Permitted development rights grant planning permission without the need to go through a full planning application. They offer flexibility and certainty. As such, they are an attractive tool for developers.
There has recently been a significant expansion in the permitted development rights allowing conversion from non-residential uses to dwellinghouses. These are subject to a number of conditions, including the need to provide minimum space and natural light standards, and the need to secure prior approval from the local planning authority before initiating the change of use.
Prior approval allows the local planning authority to consider the proposal against a restricted set of planning criteria.
Prior approval can also be an opportunity for the planning authority to consider whether the permitted development is applicable on the facts of the development proposed. Fundamentally the permitted development rights require that, on the facts, the descriptive elements of the permitted development rights apply to the change of use. So where a permitted development right permits the change of use from a hot food takeaway (class A5) to dwellinghouses (class C3) the starting use must be a hot food takeaway and the new use must be a dwellinghouse.
The term dwellinghouse appears frequently in planning law despite having no statutory definition.
Earlier this month, in the context of an appeal against the refusal of prior approval for a conversion from a hot food takeaway (class A5) to residential use (class C3), the Planning Inspectorate had to consider whether the changed use would actually amount to a dwellinghouse.
The appeal development was proposing to create three flats. Each was to consist of a single room with an en-suite shower and toilet separated from the rest of the room by a curtain. In order to maximise the available space, an elevated bed was to be provided allowing sufficient space beneath for dining.
The Inspector turned to the case law definition/description of dwellinghouse. Case law confirmed that the distinctive characteristic of a dwelllinghouse is its ability to afford those who use it the facilities required for day to day private domestic existence.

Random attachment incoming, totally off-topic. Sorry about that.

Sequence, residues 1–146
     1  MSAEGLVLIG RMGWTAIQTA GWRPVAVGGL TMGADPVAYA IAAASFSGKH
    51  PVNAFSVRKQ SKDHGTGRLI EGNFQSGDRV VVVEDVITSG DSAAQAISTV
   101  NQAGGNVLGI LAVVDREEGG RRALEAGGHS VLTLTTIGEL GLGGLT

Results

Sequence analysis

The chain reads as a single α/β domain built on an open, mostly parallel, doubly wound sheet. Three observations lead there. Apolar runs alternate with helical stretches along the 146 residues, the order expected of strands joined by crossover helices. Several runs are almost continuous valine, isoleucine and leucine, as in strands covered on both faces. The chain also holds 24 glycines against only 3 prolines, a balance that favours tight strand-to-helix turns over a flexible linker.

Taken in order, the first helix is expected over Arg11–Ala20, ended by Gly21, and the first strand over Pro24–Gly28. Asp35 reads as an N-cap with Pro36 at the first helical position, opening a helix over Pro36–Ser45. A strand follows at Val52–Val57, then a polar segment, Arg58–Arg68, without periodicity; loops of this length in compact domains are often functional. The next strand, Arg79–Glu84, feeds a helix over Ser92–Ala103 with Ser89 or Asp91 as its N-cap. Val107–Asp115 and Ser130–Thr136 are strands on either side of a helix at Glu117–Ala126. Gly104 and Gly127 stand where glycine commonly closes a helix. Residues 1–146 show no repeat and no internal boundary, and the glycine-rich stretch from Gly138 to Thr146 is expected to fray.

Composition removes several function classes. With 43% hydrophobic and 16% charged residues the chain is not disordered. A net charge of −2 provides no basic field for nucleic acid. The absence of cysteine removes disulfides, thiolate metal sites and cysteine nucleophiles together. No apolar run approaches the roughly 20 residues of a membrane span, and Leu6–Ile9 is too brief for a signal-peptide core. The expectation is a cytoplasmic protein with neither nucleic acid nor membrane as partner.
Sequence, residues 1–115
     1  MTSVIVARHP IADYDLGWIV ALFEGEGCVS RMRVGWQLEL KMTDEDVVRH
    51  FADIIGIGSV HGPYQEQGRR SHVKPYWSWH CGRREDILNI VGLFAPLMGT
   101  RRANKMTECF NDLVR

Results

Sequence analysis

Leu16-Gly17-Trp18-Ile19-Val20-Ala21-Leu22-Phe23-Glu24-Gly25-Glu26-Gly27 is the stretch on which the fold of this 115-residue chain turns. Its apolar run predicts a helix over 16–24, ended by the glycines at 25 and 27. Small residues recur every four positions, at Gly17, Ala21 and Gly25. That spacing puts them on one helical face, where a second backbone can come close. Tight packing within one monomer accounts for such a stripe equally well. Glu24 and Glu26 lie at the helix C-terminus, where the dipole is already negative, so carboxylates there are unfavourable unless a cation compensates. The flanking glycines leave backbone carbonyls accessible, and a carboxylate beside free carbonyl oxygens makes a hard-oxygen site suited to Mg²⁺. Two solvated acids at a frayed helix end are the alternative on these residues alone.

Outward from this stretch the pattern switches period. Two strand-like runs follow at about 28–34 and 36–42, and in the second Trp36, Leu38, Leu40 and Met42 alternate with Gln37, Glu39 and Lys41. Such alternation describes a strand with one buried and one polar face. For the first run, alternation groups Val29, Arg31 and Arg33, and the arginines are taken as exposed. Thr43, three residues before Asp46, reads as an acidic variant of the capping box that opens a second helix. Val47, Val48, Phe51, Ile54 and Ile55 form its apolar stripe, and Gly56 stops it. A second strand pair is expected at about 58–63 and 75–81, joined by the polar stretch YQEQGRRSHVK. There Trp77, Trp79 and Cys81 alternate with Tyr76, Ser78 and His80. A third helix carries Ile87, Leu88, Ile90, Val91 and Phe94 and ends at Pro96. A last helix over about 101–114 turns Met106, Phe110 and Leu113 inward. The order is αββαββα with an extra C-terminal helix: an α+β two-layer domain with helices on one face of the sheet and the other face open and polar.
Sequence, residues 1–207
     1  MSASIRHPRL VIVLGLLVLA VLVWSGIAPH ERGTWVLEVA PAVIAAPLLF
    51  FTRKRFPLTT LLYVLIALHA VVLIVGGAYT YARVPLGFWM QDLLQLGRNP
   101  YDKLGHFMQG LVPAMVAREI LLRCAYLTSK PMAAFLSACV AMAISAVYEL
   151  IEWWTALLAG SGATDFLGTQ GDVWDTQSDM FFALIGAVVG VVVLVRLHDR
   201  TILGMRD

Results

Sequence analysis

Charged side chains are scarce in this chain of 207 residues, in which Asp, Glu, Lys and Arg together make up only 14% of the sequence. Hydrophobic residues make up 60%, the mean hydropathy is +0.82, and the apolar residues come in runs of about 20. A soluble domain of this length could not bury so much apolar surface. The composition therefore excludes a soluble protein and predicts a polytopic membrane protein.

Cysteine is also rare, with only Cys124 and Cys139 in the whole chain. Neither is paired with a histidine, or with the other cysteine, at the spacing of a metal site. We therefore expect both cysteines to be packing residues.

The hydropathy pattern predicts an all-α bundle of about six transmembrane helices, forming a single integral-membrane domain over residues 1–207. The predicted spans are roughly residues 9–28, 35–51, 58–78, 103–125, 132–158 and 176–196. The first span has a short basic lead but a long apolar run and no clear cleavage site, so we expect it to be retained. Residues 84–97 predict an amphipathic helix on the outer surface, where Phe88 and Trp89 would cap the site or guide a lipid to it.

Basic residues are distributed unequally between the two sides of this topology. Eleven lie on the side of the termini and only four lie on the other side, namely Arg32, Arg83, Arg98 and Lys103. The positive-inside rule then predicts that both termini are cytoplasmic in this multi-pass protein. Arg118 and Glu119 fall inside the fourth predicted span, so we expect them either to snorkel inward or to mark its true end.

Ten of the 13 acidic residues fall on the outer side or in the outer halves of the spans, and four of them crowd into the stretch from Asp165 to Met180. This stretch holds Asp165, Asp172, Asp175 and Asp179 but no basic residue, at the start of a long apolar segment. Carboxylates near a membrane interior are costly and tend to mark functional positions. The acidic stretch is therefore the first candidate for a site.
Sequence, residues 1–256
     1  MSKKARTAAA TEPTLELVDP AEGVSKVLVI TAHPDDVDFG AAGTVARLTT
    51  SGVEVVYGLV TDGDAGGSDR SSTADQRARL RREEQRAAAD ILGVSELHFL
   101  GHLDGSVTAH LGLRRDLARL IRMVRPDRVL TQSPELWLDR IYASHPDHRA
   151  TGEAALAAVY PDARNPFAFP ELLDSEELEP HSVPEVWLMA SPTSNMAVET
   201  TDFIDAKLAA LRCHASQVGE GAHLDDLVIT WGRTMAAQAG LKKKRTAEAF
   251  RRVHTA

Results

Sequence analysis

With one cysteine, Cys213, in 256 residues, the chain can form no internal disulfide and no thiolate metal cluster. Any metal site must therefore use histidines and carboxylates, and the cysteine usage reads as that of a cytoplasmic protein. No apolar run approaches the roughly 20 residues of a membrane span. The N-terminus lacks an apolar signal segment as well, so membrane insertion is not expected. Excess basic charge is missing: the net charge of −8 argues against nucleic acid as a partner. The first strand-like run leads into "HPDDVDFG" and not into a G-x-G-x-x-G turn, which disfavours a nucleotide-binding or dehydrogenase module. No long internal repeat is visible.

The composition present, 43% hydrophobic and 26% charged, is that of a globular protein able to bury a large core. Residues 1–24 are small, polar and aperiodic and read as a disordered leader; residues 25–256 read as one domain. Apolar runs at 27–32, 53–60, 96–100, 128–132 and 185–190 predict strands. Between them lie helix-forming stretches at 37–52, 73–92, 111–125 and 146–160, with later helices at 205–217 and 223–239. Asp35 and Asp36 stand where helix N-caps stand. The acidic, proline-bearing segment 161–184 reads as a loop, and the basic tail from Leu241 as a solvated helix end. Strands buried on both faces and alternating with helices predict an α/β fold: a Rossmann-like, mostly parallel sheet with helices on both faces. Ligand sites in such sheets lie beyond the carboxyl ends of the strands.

The Inspector found that the appeal development could not achieve these characteristics based on the size, layout and functional provisions in the flat. In particular the proposed kitchen area was insufficiently large to accommodate a sink, cooking facilities and an area for food preparation. Consequently the proposed flats did not amount to dwellinghouses and therefore the permitted development rights were not applicable in the first instance. The planning authority was therefore right not to give the requested prior approval.
There are two considerations from this decision. Firstly developers may fair better sacrificing a unit at the expense of providing the occupants of the remaining units with the necessary facilities required for day to day private domestic existence. The minimum space requirements introduced last year should help deliver on this outcome.
Secondly, this is an instance of the planning authority looking beyond the strict prior approval requirements and considering the wider applicability of the permitted development rights. It should not be assumed that they will always do this, consequently a prior approval should not be taken as a confirmation that the conditions of the prior approval have been/will be met by the proposed development.